Structural discrimination has furthermore led to a situation where many Indigenous communities in Canada, one of the world’s richest countries, live in conditions comparable to the Third World (Amnesty International 2009, 7). The federal government, charged with the sole responsibility for social welfare services such as health care on reserves, spends markedly less per person in these communities than provincial and territorial governments spend on non-Indegenous communities, despite the fact that it is more expensive to deliver services in remote communities (Amnesty International 2009, 7). These inequalities have translated into disastrous life outcomes for many Aboriginal women; they are nearly three times as likely to contract HIV/AIDS, their life-expectancy is five to ten years less than non-Aboriginal women, and the infant mortality rate in Inuit communities is four times the national numbers (Amnesty International 2009, 7).
One of the most important dimensions of structural inequality is the chronic underfunding of services aimed at Aboriginals. Although studies indicate that the ongoing process of transferring control of government programs for Aboriginal people to their community has resulted in improvements in service delivery, spending caps on many of these programs have increased disparities between Indigenous and non-Indigenous groups (Amnesty International 2009, 7). In addition to the gap in service delivery between federal programs aimed at Indigenous communities and provincial and territorial programs for non-Indigenous people (Amnesty International 2004, 114), there are also many disparities within provincial and territorial populations, for example women’s shelters in Indigenous communities in Quebec receive 1/3 the funding of other such organizations (Quebec Native Women Inc. 2008, 7). Many indigenous communities do not even have access to such services, or where they do they are not culturally appropriate (Amnesty International 2009, 7).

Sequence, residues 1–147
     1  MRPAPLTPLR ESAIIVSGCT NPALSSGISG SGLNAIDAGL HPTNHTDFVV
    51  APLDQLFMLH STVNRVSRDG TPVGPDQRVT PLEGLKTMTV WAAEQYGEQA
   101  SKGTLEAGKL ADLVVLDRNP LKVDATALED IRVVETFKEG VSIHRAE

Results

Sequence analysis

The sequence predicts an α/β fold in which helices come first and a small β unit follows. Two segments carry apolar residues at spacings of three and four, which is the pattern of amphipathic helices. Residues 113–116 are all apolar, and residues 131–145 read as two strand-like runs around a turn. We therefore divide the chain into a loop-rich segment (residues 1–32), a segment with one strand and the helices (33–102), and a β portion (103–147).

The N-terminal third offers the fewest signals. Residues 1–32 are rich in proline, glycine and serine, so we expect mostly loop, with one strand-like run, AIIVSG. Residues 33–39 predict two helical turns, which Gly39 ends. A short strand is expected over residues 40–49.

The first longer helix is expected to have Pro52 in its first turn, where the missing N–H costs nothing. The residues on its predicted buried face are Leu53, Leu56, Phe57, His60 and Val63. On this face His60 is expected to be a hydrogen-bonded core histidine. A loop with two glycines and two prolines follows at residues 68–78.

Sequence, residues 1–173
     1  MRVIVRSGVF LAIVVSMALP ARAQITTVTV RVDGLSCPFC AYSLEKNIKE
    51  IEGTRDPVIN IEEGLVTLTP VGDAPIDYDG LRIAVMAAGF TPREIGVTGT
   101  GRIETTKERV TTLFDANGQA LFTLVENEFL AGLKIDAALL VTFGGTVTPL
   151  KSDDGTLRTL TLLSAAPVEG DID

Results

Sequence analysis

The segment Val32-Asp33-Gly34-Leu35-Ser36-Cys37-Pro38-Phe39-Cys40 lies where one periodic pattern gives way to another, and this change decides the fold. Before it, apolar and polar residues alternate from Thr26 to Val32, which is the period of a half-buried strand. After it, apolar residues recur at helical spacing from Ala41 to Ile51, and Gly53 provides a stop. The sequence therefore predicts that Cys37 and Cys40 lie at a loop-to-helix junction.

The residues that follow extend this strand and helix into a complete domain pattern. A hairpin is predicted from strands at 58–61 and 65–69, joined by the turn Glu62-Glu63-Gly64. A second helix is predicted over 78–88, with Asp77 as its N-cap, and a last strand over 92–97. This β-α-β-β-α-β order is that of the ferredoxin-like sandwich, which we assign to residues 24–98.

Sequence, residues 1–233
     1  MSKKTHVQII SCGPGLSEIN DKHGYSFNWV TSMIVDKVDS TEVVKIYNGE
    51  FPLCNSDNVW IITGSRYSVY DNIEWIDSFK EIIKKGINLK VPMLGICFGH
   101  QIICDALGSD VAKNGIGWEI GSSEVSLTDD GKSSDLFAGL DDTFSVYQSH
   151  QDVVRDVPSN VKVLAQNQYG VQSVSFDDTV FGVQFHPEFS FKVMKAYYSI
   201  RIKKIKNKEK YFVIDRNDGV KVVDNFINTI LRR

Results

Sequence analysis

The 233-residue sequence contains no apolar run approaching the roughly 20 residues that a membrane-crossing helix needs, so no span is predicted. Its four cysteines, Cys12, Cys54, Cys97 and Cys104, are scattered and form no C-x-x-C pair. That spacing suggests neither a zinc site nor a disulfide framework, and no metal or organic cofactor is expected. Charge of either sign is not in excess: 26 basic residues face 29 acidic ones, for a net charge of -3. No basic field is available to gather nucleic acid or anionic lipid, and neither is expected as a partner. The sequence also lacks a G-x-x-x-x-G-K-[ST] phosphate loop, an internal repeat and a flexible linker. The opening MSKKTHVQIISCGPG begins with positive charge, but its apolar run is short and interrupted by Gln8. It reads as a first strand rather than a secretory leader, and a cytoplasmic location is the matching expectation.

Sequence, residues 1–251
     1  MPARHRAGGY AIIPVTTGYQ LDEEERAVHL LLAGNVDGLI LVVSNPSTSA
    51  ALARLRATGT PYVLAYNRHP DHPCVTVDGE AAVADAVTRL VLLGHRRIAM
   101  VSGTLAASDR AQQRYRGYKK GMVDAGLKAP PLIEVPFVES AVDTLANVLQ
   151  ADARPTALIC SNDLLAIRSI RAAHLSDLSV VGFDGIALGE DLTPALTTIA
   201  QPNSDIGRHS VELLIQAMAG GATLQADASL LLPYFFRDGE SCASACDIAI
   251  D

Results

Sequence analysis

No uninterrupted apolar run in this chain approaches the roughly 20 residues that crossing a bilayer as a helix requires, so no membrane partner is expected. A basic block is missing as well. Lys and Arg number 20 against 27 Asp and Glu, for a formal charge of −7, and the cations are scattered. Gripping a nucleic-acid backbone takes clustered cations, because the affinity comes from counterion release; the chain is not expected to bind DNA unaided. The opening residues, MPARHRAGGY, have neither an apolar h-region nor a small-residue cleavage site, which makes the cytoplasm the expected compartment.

These micro considerations must be considered against the backdrop of the global economic system. Although scholars are now beginning to trace the linkages between globalization and violence, the gendered nature of these processes remains under-analyzed (Kuokkanen 2008, 217). Theoretical frameworks tend to be globalocentric and patriarchal, ignoring the violence women face when they resist oppression, as well as deemphasizing the importance of work done on the grass-roots and community levels (Kuokkanen 2008, 12). Many Indigenous people see globalization as a euphemism for modern, economic colonialism; institutions and processes such as patriarchy, capitalism and white supremacy overlap with globalization and produce new forms of violence against Aboriginal women (Kuokkanen 2008, 218). For example, the sex industry is now an extremely important sector in the global economy; with the high proportion of Indigenous women in this occupation, they are exposed to the higher risks associated with it such as exploitation or violent attack (Kuokkanen 2008, 221). Another example of the relationship between macro-relations at the global level and interpersonal violence, is the greater vulnerability and danger created for Aboriginal women by the state’s neoliberal economic logic, which has led to privatization of (and reduced access to) public health services, corporate control of resources and the increasing disparity in wealth (Kuokkanen 2008, 220). Increased pressure on the land for the purposes of mining, drilling, etc. has reduced economic and social security in Aboriginal communities, which also leads directly to violence (Kuokkanen 2008, 223). Although analyses have thoroughly investigated the way that processes of globalization, such as the feminization of low-wage migratory labour and resulting changes to the sex/gender systems in export processing zones, increase women’s vulnerability, there has been little examination of the so-called Fourth World within the First World– the world of Indigenous people in wealthy nations, especially women (Kuokkanen 2008, 222).